Organic Gardening & Farming, Plants

The Quest For Dragon Fruit (Pitaya)

What I love most about gardening is eating what I grow.  Especially when I get to eat something that can’t be bought.  Case in point, the dragon fruit.  Have you ever seen or tasted a dragon fruit (a.k.a. pitaya/pitahaya)?  The bright pink fruits are shaped like small footballs and adorned with lime green “fins”.   The variety occasionally available (for $5 a piece!) in specialty groceries is called Vietnamese Jaina.  Though it’s generally regarded as the dragon fruit with the least interesting flavor, it is as refreshing as it is beautiful.  Imagine how good the best flavored varieties must taste!  I did imagine this, and then I ordered some vine cuttings.

A pitaya cutting planted in soil

Dragon fruits come in at least four main types.  White flesh with pink skin, white flesh with yellow skin, red flesh with pink skin, and purple flesh with pink skin.  You can grow some varieties from seeds, root any variety from cuttings of a living vine, or purchase plants.  Though sometime I would like to try growing pitaya from seeds, this time I opted to try rooting cuttings from named varieties.  Cuttings are surprisingly affordable, and I ordered 3 for $10 from ebay.  One white flesh type called Guyute, one red flesh type called American Beauty, and one purple flesh type called Purple Haze.  Information about many named varieties of dragon fruit can be found here: Pine Island Nursery

A dragon fruit (pitaya) cutting, unrooted
This is essentially what the cuttings looked like when they arrived. The arrow points to the top of the vine, as it was on the mother plant. Put the opposite end in the soil.

I ordered my vine cuttings in early April, set their bottom ends (there is a top and bottom, and the vine should be marked when you receive it) into individual pots of organic soil in my kitchen window under some grow lights.  I watered once every three days per the instructions, and I waited, and waited.  Once a week I pulled each cutting out of the soil to check for roots, and each week, nothing.  Eventually, my Purple Haze cutting started to rot.  It became infested with some tiny white worms, and turned mushy beneath the soil line.  Not willing to give up on the variety I was most excited to taste (it’s described as having a grape-kiwi flavor), I cut off the affected part of the vine and left the rest of it it to dry on my kitchen counter for about a week.  After a good callous formed along the cut edge, similar to what I had seen on the vine cuttings when they first arrived, I replanted it and hoped for the best.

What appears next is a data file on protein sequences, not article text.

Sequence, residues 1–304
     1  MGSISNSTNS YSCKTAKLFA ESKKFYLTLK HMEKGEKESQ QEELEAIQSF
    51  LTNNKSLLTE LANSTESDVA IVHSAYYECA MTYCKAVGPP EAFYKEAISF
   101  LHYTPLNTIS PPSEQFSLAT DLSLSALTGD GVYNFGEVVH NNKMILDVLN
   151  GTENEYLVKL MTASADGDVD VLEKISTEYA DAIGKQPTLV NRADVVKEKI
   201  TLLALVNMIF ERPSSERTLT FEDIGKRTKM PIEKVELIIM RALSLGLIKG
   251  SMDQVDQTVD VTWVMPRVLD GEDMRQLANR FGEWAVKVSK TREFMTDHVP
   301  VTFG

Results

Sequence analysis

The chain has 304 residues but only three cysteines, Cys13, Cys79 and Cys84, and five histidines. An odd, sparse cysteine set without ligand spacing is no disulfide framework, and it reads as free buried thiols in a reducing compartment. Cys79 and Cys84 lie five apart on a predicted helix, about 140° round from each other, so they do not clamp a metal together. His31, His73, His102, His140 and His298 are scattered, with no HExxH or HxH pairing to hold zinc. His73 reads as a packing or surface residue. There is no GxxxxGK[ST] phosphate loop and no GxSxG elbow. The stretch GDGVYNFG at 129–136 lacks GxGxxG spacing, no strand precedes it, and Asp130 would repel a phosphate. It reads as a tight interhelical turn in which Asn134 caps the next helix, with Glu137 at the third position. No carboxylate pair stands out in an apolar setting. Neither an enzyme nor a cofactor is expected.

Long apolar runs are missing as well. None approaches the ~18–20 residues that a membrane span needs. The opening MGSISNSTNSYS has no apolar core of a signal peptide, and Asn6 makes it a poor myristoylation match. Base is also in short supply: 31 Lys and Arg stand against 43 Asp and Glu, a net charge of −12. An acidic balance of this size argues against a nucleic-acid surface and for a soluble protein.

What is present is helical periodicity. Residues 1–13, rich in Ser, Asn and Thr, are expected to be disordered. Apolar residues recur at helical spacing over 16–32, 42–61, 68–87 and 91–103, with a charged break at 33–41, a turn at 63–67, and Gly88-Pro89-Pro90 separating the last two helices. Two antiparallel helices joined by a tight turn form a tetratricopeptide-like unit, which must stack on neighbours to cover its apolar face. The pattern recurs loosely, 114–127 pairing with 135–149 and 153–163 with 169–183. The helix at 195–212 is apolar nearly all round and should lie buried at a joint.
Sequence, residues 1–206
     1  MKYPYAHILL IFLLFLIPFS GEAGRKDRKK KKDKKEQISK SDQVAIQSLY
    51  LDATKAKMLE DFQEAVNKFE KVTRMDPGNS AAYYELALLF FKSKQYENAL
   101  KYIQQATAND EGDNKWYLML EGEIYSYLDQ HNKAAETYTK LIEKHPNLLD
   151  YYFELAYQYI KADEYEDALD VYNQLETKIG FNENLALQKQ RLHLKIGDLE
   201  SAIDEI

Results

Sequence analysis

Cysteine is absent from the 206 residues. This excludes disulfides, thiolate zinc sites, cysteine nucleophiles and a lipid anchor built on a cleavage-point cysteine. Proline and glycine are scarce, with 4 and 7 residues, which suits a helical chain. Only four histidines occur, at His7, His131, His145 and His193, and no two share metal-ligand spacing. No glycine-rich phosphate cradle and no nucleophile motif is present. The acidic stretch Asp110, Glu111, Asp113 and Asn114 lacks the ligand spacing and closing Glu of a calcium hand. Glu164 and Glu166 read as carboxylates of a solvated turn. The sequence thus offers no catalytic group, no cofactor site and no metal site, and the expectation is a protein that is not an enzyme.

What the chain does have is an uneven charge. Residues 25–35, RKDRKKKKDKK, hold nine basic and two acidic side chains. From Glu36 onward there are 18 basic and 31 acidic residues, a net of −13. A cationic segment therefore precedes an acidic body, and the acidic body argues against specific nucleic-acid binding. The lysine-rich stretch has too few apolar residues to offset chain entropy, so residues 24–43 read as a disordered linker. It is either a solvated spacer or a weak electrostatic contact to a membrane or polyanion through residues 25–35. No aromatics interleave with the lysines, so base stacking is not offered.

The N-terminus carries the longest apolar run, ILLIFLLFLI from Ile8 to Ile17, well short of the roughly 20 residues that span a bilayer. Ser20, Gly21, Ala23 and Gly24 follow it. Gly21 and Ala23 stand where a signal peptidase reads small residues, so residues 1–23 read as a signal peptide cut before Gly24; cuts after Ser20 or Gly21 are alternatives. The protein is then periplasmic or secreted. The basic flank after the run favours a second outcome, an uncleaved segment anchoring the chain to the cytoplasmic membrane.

A purple haze dragon fruit cutting planted in soil
The ‘Purple Haze’ dragon fruit cutting is much shorter than the others, because I had to remove the rotten part and start over. It still rooted, though!

In mid-may, the weather finally warmed enough to move the vines outside.  None of my pitaya cuttings had rooted yet, but I was determined not to give up on them.  Finally, after a few weeks in the sun, the Guyute vine sprouted roots!  I suspect the hot weather encoraged it to grow.  This week, the Purple Haze cutting sprouted roots too, and Guyute has already begun producing new top growth!  I can almost taste the juicy unknown flavors.  If all goes according to plan, I expect to harvest my first home-grown dragon fruits within 1-2 years.  Of course, this tropical cactus will have to be grown in a pot and moved indoors for winter.  Supposedly they like these conditions, and even thrive in a root-bound situation.  More dragon fruit updates to follow!

Dragon fruit cutting beginning to sprout new green growth
Guyute Dragon Fruit sprouting a new vine